Snow's production was less than one-tenth of its current level six years ago, when the regional brewer started developing a now-extensive national distribution network and began buying competing brewers in the fragmented Chinese market. That helped it tap China's growing ranks of beer drinkers. "Success has largely been driven by the supply side," says Ari Mervis, managing director for SABMiller's Asian and African operations.
Though the Chinese drink less beer per person than Americans or Europeans, China's beer market has been the world's largest for the past six years and is growing 10% a year, according to Euromonitor. Snow's rapid growth illustrates the promise of China's vast consumer base.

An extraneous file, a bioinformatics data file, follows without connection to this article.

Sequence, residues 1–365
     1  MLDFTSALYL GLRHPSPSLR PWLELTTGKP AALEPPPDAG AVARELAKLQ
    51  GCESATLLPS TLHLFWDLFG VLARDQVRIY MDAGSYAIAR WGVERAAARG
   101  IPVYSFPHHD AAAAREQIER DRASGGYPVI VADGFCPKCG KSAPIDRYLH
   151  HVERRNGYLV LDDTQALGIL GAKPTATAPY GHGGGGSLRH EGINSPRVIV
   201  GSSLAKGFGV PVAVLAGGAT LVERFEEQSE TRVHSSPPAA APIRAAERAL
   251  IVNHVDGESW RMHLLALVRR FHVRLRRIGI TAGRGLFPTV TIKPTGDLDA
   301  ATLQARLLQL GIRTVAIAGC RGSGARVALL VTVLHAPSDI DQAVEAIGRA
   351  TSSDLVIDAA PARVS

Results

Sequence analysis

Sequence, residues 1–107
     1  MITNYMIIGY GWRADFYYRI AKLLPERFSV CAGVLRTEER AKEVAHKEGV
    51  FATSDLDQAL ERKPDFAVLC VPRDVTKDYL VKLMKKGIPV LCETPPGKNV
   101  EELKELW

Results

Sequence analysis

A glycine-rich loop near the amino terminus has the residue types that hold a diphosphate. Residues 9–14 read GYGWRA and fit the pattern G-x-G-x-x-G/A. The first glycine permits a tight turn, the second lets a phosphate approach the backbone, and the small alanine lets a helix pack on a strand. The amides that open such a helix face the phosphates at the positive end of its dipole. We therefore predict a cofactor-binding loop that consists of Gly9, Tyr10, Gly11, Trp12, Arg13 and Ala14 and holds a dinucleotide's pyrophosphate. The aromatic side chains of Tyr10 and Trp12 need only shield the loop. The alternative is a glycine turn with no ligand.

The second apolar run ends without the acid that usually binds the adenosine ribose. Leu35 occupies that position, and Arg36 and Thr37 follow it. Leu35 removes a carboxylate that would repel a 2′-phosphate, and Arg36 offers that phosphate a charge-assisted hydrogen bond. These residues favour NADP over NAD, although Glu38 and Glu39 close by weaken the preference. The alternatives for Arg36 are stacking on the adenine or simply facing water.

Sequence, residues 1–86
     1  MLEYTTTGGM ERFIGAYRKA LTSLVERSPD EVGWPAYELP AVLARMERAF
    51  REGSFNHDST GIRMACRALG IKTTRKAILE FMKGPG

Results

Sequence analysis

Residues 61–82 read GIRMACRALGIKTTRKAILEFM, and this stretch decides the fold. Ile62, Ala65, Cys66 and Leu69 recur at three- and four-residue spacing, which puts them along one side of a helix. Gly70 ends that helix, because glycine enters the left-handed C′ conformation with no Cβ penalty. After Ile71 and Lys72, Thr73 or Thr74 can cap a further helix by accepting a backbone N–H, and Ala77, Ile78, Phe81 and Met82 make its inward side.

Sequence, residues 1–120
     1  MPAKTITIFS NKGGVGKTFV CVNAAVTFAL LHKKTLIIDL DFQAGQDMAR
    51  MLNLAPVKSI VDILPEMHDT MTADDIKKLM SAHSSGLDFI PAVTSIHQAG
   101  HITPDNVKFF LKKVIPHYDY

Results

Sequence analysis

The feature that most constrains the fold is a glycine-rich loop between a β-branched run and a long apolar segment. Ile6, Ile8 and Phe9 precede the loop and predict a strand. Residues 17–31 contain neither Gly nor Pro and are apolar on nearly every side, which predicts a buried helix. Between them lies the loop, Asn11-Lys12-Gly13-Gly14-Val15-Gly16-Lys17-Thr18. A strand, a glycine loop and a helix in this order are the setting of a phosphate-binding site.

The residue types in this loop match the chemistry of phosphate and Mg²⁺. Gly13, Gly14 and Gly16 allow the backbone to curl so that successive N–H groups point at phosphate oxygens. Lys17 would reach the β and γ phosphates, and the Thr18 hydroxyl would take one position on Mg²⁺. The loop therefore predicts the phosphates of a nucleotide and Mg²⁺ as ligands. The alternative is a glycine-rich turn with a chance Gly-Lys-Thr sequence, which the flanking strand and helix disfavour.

But China's price-sensitive mass market produces thin profit margins compared with many other countries. Chinese beer makers have profit margins of roughly $2 per hectoliter, compared with $50 to $80 in Europe and the U.S., according to Mr. Mervis, who says beer prices have barely moved over the past five years. SABMiller says that while Snow accounts for 30% of the brewing giant's global sales volume, it contributes less than 5% to overall profits.
So SABMiller has essentially "bought" Snow's market share, and now needs to make it more profitable, potentially by moving it up-market. Hopefully, working on the recipe will be part of the strategy...